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Riley making biggest cuts in education in 48 years

Declining state tax collections forced Gov. Bob Riley to announce massive cuts in state spending Monday, with public education taking its biggest hit in 48 years and many state agencies looking at double-digit reductions.

Riley declared proration — or across-the-board spending cuts — of 12.5 percent for the $6.3 billion education budget. Riley said he would use half of the state’s $437 million “rainy day” fund to ease the cuts and make the effective proration rate 9 percent.

The cut in the fiscal 2009 budget would be the largest since education spending was prorated 14.1 percent in fiscal 1961. Since then, the biggest proration has been 6.5 percent in fiscal 1991.

Riley did not declare proration of the state’s $2 billion General Fund budget, which finances non-education programs, such as state troopers, Medicaid and prisons. But he said he would use his authority as governor to reduce General Fund spending by 10 percent.

Riley outlined a Deficit Prevention Plan that includes a hiring freeze he hopes will reduce state employment by 3,000 jobs, or nearly 8 percent, through attrition over the next year. It also includes stopping all new vehicle purchases, limiting equipment purchases and curtailing travel.

“This Deficit Prevention Plan requires state government to do what Alabamians are having to do: figure out how to get by with less during tough times,” he said.

Riley said he did not declare proration of the General Fund budget because that would require across-the-board cuts and some programs, such as Medicaid and prisons, can’t be cut that much. But some others, which Riley did not identify, can handle more than a 10 percent reduction, he said.

In the last year, Alabama’s unemployment rate has increased nearly 1 percentage point to 5.6 percent, and so far this fiscal year, tax collections have fallen below last year’s levels.

The Republican governor said Alabama is one of more than 40 states having trouble balancing their budgets this year due to the recession, but, he said, now is not the time to look at new taxes to balance the budgets — even on gambling halls.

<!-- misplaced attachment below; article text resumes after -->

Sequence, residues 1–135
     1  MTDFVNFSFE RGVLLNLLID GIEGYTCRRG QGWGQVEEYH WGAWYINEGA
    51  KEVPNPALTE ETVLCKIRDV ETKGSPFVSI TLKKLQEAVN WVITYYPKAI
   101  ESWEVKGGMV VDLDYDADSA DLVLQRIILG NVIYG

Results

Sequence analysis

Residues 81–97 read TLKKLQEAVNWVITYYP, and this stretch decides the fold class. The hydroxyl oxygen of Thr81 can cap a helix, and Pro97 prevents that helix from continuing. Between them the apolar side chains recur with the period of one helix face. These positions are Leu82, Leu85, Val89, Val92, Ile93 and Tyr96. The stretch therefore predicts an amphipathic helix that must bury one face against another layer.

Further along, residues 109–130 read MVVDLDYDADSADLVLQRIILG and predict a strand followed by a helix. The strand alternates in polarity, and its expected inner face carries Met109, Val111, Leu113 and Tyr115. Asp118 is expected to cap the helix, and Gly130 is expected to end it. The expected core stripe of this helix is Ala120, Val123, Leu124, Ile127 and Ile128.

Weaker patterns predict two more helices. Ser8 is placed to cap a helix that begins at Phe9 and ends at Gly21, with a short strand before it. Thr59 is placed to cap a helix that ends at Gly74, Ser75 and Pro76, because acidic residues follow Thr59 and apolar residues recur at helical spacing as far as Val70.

“Gambling is not something I support. I don’t think that should be a way to fund state government,” he said.

Alabama’s financial situation is similar to when Riley entered office in 2003 and the state was facing a large budget deficit. Riley proposed $1.2 billion in new taxes, but Alabama voters overwhelmingly rejected that in a statewide referendum. Big budget cuts followed that vote.

State officials and school leaders looking for areas to cut are prohibited by state law from slicing salaries. That means other areas will have to take bigger cuts.

State Superintendent of Education Joe Morton said he expects public schools to delay the purchases of school buses, textbooks and library materials and to postpone filling vacancies.

Morton said he supported Riley declaring proration in the third month of the state’s fiscal year because if he had waited until later, the cuts could have been deeper.

Riley said all the cuts are subject to change, depending on how the state’s sales tax collections go for the Christmas shopping season and whether Congress passes an economic stimulus package to help states.

He said he anticipates draining the rest of the state’s rainy day fund for education later in the fiscal year — making a total of $437 million. If that is done, it could reduce the effective proration rate for education to about 5.5 percent, state Finance Director Jim Main said.

The Legislature passed Alabama’s current budgets in May, before the recession became official.

Asked if the budget cuts were a surprise, Riley said not based on financial data this fall. But he said, “If you had asked me this back in June or July, absolutely.”

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Associated Press Writer Bob Johnson contributed to this report.